Though the Main Sewerage Pumping Station was constructed between 1904 and 1907, it dates back to 1889, when the President appointed a board of sanitary engineers to devise a plan for disposing of Washington's sewage. Nearly a decade later, the sanitation system proposed by the board began to be implemented, and planning for the pumping station was underway.
Designed by the architectural firm of C.A. Didden and Son with associated architect Oscar Vogt, the Main Pumping Station is one of the first buildings the city constructed following the adoption of the McMillan Plan and is an early and exceptional representative of Beaux-Arts public works buildings in the District. It is a striking brick building designed in a Beaux-Arts style, with late Renaissance Revival-style features included.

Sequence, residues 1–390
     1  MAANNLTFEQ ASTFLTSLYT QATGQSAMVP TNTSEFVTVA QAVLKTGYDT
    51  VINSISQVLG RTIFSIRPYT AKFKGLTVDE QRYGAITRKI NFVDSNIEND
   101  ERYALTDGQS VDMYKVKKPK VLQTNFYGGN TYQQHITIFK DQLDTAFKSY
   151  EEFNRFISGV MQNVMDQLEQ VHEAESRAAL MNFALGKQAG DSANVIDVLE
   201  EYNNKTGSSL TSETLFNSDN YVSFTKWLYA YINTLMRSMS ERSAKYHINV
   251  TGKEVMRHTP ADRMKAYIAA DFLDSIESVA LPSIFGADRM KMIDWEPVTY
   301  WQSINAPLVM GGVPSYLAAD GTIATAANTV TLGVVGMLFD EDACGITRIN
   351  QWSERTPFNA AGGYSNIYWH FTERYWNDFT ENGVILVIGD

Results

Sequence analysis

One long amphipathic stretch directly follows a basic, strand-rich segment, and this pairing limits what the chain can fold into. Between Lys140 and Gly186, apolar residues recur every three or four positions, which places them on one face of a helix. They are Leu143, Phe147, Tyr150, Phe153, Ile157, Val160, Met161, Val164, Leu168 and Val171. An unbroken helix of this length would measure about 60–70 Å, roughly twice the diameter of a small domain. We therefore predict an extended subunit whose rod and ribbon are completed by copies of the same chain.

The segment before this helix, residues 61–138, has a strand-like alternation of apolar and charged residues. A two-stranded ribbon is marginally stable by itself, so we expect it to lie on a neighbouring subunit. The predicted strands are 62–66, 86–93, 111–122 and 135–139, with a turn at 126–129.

DC Inventory: January 26, 2012
National Register: May 24, 2012